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The Turner Prize and British Art
Since the mid 1980s the visual arts scene in Britain has changed beyond recognition and the Turner Prize lies at the heart of an ever-increasing fascination with contemporary culture in the UK. Established in 1984 to draw greater public attention to contemporary art 'in much the same way as the Booker Prize has helped the novel', Turner Prize has both reflected and informed the popular reception of new British art in this country and abroad. Each year a specialist jury has shortlisted some of the most important artists working today, causing annual controversy and debate. The book features a transcribed discussion between Mark Lawson, Grayson Perry (Turner Prize winner 2003), and Lionel Shriver (Orange Prize winner 2005), who consider the effect prizes have on those shortlisted and the winners, for whom it can be both a catalyst to international success and a hinderance to creativity. In addition, a series of artists' statements from a selection of Turner Prize nominees and winners from 1984-2006 lend further insight in to the role the Turner Prize has played since its inauguration.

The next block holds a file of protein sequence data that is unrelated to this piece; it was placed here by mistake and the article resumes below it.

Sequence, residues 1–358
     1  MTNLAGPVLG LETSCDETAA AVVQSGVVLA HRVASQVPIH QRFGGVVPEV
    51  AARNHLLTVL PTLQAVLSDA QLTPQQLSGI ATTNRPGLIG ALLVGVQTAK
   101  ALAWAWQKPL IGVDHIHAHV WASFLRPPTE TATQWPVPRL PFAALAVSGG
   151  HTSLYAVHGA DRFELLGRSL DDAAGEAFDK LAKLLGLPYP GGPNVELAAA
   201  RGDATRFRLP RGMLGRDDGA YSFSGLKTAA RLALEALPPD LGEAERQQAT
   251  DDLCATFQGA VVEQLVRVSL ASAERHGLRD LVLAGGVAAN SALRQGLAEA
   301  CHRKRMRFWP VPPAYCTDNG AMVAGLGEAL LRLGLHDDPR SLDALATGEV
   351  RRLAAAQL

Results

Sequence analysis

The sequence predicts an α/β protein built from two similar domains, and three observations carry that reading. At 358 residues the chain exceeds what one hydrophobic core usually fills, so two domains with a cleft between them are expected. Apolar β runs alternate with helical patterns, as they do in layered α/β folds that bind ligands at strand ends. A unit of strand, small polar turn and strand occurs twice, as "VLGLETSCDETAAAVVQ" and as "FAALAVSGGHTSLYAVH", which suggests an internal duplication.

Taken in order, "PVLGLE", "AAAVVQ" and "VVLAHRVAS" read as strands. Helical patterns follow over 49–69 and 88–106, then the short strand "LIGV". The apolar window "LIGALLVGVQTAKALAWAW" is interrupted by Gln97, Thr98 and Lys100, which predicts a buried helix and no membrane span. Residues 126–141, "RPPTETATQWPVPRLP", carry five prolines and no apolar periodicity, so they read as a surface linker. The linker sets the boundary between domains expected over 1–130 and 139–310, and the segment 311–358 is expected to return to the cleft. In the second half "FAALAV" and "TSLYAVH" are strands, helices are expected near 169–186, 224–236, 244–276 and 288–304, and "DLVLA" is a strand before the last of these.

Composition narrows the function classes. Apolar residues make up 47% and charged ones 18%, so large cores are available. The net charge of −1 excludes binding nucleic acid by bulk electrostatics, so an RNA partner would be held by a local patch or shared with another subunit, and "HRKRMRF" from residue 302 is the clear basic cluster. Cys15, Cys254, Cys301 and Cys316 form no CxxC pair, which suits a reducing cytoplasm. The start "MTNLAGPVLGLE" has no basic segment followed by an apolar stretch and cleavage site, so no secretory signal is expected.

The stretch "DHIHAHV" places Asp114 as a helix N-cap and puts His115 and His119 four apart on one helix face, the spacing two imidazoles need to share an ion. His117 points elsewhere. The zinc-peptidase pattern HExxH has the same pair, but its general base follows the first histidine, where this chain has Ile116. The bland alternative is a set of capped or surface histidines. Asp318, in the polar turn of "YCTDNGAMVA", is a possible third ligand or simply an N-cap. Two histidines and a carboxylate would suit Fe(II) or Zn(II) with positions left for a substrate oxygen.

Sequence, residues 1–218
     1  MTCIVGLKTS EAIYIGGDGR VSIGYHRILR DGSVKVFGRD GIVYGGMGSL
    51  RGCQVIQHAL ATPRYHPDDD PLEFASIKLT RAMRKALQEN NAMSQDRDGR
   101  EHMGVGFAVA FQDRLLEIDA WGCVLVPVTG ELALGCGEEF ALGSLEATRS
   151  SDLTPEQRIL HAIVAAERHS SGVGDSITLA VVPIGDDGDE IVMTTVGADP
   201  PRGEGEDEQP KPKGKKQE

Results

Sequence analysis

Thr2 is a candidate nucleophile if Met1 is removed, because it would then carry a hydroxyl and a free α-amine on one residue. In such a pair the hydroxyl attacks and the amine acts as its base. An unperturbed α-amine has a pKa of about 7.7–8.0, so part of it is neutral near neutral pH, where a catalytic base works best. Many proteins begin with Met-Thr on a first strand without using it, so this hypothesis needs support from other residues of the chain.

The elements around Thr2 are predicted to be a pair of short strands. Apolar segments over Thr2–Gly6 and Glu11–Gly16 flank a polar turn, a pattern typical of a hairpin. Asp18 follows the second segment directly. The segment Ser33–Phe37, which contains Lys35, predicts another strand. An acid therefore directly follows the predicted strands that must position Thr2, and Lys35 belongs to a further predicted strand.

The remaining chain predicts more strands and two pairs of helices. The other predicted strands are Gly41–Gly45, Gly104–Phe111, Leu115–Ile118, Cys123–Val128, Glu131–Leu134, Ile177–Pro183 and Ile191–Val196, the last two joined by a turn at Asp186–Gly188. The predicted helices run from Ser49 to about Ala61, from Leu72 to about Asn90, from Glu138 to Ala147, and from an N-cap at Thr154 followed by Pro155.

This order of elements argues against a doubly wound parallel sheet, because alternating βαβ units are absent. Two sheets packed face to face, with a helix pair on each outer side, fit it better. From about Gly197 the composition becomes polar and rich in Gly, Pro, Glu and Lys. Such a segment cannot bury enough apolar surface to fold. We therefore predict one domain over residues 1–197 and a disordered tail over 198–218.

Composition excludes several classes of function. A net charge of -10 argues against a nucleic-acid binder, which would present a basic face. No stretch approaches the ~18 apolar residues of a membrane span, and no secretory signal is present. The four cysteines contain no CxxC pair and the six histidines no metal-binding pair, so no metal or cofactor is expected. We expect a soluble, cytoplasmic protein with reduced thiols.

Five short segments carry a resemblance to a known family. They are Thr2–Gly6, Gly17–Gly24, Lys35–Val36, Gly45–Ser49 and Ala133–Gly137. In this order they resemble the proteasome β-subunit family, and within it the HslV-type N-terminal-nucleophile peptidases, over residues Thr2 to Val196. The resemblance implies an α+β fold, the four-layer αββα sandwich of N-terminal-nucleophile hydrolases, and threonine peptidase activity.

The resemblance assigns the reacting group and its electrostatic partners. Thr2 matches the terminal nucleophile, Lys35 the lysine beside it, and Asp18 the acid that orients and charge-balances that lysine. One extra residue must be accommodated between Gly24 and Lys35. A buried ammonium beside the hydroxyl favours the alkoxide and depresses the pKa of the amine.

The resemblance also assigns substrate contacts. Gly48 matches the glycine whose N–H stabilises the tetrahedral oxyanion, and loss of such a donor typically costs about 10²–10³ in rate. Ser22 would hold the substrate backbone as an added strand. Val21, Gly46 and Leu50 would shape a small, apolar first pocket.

With essays from leading writers and critics including Louisa Buck, Michael Bracewell, Tom Morton and Sacha Craddock the publication considers why prizes are now a core part of contemporary culture, why excellence is celebrated in this way and the impact it has on our view of the artists and their work.
Condition: BRAND NEW
Author(s): Katharine Stout
Publisher: Tate Publishing(UK)
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